News Brief

This Sudanese Cartoonist Created the Viral Colin Kaepernick Civil Rights Image

Khalid Albaih's work has become a symbol of protest against social injustices and the NFL's discriminatory policies.

As the NFL continues to encroach upon the civil rights of its players by presenting new policies that could penalize them for kneeling during the National Anthem, those in support of the protest continue to express their support for Colin Kaepernick, who sparked the movement within the NFL when he boldly knelt during the National Anthem in 2016.

He's drawn several comparisons to Civil Rights-era athletes like Muhammad Ali as well as Tommie Smith and John Carlos who iconically put up the black power salute during the 1968 Olympic games. One Sudanese artist decided to translate Kaepernick's activism into a cartoon, which has been worn on shirts by members of the NCAAP in order to lead protests, and by Chance the Rapper.


A new video from AJ+ highlights the work of Khalid Albaih, and his mission to highlight the social injustices in the United States, after he spent a year learning about the Civil Rights movement while traveling through the states with fellow Arab artists."For me, Kapearnick taking a knee is the image of our century," he says. "This is a historical moment. Not only for African-Americans, this is for human rights. This is for Civil Rights," he added.

Check out the video below, to learn more about the Sudanese artist's work.

Photo credit PHILL MAGAKOE/AFP via Getty Images

EFF Calls Out President Cyril Ramaphosa On Slow COVID-19 Vaccine Rollout

South Africa's opposition party leader, Julius Malema, has demanded that President Cyril Ramaphosa speed up the distribution rate of COVID-19 vaccines.

Julius Malema has reportedly instructed President Cyril Ramaphosa to release South Africa's detailed COVID-19 vaccine rollout strategy. Malema added that his party, the Economic Freedom Fighters (EFF), would initiate a sit-in at vaccination centres should Ramaphosa fail to share this national vaccination plan by the end of April 2021. This comes after the South African government's last announcement of the vaccine rollout plan two months ago.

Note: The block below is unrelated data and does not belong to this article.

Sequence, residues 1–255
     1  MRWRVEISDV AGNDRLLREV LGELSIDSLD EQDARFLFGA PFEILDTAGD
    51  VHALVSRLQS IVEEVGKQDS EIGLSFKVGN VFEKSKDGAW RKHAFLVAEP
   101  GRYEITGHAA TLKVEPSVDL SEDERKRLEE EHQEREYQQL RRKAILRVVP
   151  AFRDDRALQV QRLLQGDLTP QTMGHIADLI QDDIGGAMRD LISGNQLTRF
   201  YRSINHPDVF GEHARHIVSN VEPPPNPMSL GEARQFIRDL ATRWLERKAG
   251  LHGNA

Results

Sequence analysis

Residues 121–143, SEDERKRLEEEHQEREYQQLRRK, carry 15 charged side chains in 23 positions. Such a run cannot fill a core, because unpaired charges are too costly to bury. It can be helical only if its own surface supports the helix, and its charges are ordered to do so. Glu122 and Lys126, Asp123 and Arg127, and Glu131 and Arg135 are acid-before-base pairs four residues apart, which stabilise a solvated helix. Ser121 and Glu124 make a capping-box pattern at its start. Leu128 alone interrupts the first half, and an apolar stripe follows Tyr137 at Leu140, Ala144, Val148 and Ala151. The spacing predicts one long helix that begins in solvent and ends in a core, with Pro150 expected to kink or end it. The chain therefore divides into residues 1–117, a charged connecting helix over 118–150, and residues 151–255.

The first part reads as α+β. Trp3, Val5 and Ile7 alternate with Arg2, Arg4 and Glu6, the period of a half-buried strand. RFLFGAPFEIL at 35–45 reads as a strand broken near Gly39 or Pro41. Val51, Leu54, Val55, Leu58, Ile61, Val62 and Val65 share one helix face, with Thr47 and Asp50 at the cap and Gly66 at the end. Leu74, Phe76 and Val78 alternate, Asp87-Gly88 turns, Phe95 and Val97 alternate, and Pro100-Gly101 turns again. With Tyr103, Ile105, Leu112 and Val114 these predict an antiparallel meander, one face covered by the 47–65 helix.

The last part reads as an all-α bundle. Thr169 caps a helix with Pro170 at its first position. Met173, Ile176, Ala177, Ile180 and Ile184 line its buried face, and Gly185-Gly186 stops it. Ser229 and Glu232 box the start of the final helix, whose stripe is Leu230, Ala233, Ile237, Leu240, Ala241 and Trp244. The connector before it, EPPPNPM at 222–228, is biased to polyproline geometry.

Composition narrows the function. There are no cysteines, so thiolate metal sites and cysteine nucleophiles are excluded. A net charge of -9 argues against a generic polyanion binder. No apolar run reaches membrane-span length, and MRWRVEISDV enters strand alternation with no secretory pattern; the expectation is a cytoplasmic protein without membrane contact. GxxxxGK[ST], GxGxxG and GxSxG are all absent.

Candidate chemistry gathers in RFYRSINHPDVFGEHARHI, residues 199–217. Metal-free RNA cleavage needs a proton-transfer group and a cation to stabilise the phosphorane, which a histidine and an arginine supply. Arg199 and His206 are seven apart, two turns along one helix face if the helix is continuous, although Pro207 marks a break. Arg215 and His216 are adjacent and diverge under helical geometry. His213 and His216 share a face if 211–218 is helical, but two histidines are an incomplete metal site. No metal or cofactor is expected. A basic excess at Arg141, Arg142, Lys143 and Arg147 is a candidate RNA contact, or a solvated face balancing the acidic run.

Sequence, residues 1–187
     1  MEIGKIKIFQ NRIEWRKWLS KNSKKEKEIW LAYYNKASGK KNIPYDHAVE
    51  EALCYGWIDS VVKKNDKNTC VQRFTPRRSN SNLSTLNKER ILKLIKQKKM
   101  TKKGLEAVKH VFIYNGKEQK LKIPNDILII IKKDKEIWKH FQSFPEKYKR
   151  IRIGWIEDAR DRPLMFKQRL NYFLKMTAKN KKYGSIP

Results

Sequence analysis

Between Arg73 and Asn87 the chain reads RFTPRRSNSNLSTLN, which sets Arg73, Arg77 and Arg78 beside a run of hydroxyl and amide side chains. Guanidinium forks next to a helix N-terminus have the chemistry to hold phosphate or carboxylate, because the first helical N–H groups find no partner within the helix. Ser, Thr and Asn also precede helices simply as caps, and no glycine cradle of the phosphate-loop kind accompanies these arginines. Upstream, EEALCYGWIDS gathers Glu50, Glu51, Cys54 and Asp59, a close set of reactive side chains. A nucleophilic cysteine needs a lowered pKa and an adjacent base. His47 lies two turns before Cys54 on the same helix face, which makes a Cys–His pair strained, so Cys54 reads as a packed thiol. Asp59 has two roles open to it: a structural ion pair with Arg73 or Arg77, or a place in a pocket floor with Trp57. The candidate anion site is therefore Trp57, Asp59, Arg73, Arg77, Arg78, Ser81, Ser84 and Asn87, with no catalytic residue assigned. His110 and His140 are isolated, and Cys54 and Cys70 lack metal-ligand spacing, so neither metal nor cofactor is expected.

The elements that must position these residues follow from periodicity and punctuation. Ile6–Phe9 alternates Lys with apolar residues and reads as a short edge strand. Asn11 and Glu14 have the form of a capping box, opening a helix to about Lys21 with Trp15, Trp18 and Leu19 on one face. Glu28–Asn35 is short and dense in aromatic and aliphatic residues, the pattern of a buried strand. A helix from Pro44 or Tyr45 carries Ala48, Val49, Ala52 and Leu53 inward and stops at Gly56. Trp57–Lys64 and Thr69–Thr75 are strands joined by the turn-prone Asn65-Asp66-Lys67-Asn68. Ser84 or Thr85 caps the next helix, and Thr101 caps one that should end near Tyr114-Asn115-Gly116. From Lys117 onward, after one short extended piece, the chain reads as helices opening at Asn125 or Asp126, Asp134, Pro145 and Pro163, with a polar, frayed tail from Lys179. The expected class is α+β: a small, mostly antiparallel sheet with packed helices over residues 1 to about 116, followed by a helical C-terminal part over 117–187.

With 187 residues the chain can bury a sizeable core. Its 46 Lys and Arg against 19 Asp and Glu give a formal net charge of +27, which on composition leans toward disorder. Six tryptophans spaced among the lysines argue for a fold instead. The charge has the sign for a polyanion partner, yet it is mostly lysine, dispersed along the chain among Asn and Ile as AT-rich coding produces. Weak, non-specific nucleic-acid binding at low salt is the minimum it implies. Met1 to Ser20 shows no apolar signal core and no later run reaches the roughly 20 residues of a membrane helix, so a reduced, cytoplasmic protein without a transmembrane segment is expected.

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Music
(Youtube)

The 11 Songs You Need to Hear This Week

Featuring Wizkid x Tems, Rema, Mdou Moctar, Emtee, Mannywellz x Wale, Tony Allen and more.

Every week, we highlight the top releases through our best music of the week column.

Here's our round up of the best tracks and music videos that came across our desks, which you can also check out in our Songs You Need to Hear This Week playlists on Spotify and Apple Music.

Follow our SONGS YOU NEED TO HEAR THIS WEEK playlist on Spotify here and Apple Music here.

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Cartoon by Gado.

Akon In Uganda, the Laundering of a Dictatorship

Opinion: By lending his voice to the horrid spectacle underway in Uganda, Akon is in fact endorsing the Museveni regime.

Autocrats across the world have often used artists to sanitize their regime's brutality. One method that has been increasingly employed has been the recruitment of high-profile artists—mainly Western music stars—to work as essential spokespersons for a country's tourism ministry. These artists then work alongside government officials—oftentimes propaganda artists in their own right—to sell a whitewashed image of the country, one that is almost always at odds with realities on the ground.

While the introduction of global celebrities into the authoritarian playbook of reputation laundering is a more recent phenomenon, placing a country's tourism industry front-and-center has long been a go-to tactic to soften a dictatorship's harsh image. The former long-ruling dictator of Zimbabwe, for example, Robert Mugabe, was a trailblazer in this regard. In 2012, he convinced the United Nations World Tourism Organization to appoint him as their international envoy, despite his government's categorically abysmal human rights record.

Years later, Rwanda's strongman, Paul Kagame, signed a multi-million-dollar deal with Arsenal, the popular English football club. For the 2019/2020 season, players sported jerseys with "Visit Rwanda" prominently displayed on their chests and sleeves, all while the country's political opposition, media, and human rights community faced continual decimation through arbitrary detentions, disappearances, extrajudicial executions and alleged state-sanctioned murders.

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South African Rapper 22 Is Serious About Her Craft

The budding musician just released her latest single, aptly titled "I'M THAT GIRL" and accompanied by mad daring visuals.